Ancient, monumental sandstone jars up to two-and-a-half metres high dot the landscape in central Laos in seemingly random patterns — what was their purpose? Who built the sites? Where did they live?
These questions have perplexed locals and visitors for centuries but now researchers from Australia’s Monash University and the Australian National University are using drone technology and virtual reality tools to remotely dig for answers, and explore untouched sites of the aptly named Plain of Jars.
For decades, the danger of unexploded bombs has made archaeological exploration there risky.
Over 270 million cluster bombs rained down on Laos from 1964 to 1973 as part of a US campaign to halt the spread of communism through Indo China.
About 30 per cent of the bombs did not explode on impact, leaving about 80 million bombs still on the surface, or just below.
Only a handful of the 80 or so known sites have been cleared of ordnance and archaeologists have had to use well-trodden paths or enlist local people to navigate them through safe pathways to sites of interest such as quarries.
Now drone technology is opening up new possibilities for exploration and discovery.
“The use of drones is critically important for us because we can look at even a cleared site,” Dr Louise Shewan told Catalyst.
“We can survey it with a drone, but often the adjacent quarry site isn’t cleared so we can at least fly the drones over the quarry site and get an understanding of what’s there.”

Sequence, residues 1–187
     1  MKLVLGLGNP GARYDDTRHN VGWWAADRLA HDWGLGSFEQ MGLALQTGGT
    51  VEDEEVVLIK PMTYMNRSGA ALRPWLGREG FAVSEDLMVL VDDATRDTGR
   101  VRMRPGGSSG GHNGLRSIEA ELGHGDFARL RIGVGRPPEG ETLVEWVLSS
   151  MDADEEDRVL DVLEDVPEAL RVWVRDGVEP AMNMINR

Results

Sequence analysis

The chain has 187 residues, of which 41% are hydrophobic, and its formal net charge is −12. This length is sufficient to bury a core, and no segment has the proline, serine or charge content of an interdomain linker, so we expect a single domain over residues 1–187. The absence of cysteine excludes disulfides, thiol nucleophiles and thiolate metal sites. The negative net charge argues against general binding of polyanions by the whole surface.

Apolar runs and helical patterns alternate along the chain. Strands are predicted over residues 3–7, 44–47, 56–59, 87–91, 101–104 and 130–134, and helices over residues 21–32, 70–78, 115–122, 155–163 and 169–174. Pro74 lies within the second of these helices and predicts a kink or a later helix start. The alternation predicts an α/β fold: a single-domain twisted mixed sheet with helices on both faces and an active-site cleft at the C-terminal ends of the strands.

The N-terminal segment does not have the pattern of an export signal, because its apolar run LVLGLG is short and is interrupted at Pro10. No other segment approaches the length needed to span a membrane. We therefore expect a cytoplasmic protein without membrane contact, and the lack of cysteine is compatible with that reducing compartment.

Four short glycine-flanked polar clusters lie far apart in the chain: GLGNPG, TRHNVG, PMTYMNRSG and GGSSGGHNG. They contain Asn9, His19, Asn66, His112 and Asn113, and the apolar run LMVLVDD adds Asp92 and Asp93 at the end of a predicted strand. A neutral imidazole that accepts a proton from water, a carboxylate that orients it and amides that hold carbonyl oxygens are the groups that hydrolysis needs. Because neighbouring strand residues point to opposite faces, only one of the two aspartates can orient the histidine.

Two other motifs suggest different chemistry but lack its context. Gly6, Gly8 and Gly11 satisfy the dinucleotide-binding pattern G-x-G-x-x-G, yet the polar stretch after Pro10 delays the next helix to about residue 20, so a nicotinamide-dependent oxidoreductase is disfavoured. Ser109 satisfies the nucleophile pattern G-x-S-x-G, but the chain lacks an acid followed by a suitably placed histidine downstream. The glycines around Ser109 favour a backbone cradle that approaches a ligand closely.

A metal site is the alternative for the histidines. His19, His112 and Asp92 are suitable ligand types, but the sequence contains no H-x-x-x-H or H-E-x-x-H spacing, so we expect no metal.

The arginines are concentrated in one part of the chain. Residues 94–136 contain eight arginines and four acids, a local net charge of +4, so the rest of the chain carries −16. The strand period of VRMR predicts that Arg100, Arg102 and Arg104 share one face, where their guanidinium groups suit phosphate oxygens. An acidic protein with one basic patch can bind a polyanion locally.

After the drone has completed its surveillance, the photographs are uploaded into software that generates a very realistic photo 3D model of the site.
Dr Shewan and her colleague Dr Dougald O’Reilly then use Monash’s CAVE2 — an immersive 3D facility — to explore the site remotely and securely with virtual reality glasses.
“This technology allows us to compare at a macro scale the different types of sites, the distribution of jars, so there’s a lot of different angles that you can use to approach the data,” Dr O’Reilly said.
Currently, helicopters mounted with lidar are used to reveal what lies beneath jungle covered sites but the Monash team are in the process of developing a drone equipped with software that will enable it to fly autonomously over and under tree canopy while analysing the data in real time.
Earlier this year, in a collaborative project with the Laos Government, the ANU/Monash team revealed that the Plain of Jars was used for different types of human burial practice, but there’s still no understanding of how the jars got there, who created them, or evidence of where the people who are buried there might have lived.
The archaeologists hope to use the new drone to look for drag marks where the jars have been brought from the quarry areas, habitation areas and ceramic scatters.
“We can use this technology for mapping and data interpretation, we can look at the transportation of the jars,” Dr O’Reilly said.
“With the use of drones, we could probably access all of the sites.
“Everybody does love a good mystery but every good mystery has to have a solution at the end.”
The team hope that using virtual reality as a digital record and archiving tool will win the Plain of Jars UNESCO World Heritage status.